On Teenagerhood

Stacy McCain has another wonderful takedown of a shrill, fat feminist (her own words.  “Fat,” I mean — “shrill” is redundant, but some half-remembered rule of composition made me put it in there.  By the way, did you know that the collective noun for a group of liberals is “shriek”?  A murder of crows, a shriek of liberals.  But I digress).  Anyway, he’s said it all about her, much better than I can.  I just want to add a tangential comment:

This is what happens when you eliminate adolescence.

Mrzx. Toal writes

It’s hard because when you grow up fat, you grow up believing that you’re not ever going to be attractive to anyone. You don’t even do this on purpose — the world does it for you. For me, they did it through fat jokes on Friends, fat jokes on Will & Grace, fat jokes on every single sitcom, ever, headlines on my mother’s Cosmo and Self telling me (I wasn’t supposed to be looking at them, but whatever) both that my sexuality only mattered as long as it was relevant to men and that being fat automatically made my sexuality irrelevant to men, “No Fat Chicks” bumper stickers, bullying in school, and rampant self-hatred and body-shaming in my family. I don’t think I ever had any agency in deciding whether or not I thought I was attractive until college. I just sort of knew, because the world knew, that I wasn’t. I was fat. How could I be?

Kiddo, I hate to break it to you, but this is normal.  Yes, when you’re 15, being sexually attractive to the opposite sex pretty much is the only thing that matters, because — pay attention, this is important — you lack the maturity, the understanding, the very conceptual toolkit to evaluate people any other way.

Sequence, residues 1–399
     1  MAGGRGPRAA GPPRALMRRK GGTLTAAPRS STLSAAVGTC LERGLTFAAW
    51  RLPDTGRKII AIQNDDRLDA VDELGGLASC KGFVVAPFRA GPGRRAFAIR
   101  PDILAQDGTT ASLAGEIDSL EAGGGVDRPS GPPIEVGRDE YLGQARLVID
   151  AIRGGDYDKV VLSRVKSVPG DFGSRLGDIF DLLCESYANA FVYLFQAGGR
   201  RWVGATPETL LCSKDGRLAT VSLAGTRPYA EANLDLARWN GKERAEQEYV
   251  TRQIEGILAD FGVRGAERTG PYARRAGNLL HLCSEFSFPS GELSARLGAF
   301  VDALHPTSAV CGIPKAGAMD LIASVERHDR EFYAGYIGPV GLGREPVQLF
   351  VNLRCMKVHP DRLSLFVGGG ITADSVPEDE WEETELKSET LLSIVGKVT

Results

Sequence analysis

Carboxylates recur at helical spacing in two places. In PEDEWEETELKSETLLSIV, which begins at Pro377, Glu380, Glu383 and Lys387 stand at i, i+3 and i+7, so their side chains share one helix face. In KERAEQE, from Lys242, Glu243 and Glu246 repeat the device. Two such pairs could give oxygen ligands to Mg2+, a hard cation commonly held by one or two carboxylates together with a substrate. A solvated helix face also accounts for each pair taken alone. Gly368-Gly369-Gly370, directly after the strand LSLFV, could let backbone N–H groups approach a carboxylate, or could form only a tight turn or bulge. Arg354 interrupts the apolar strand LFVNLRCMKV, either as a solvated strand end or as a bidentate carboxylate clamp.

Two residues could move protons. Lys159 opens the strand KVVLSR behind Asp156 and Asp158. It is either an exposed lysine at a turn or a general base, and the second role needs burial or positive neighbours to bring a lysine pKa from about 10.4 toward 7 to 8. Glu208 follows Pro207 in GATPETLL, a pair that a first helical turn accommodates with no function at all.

I was 15 long ago and far away, but I’m pretty sure that if you’d asked me back then where I would be now, in middle age, I’d say something like “getting ready to be inducted into the Hall of Fame, but needing to put on the ugly jacket in space, because I’d be deep into my second career as an astronaut.”  That’s normal, too, as are the ever-shifting identities — each of them The REAL You — you put on and off as easily as their characteristic uniforms.  Again, this was back in the Jurassic, but I’m pretty sure I was at least six different things my sophomore year: A jock, a nerd, a preppie, a burnout, a goth, and a skater.  I’m probably forgetting a few.

It’s only modern times where we think everyone must have everything figured out by the time xhzhe hits 14.  It’s awful, because it eliminates the possibility of change.  As McCain points out, all this gal needed to do was one simple exercise: The pushaway.  As in, push your ass away from the dinner table before taking seconds.  But that would entail personal responsibility, and when you’ve been made what you are by 14 — and nothing can ever change, not ever, until Society itself changes — what’s the point?

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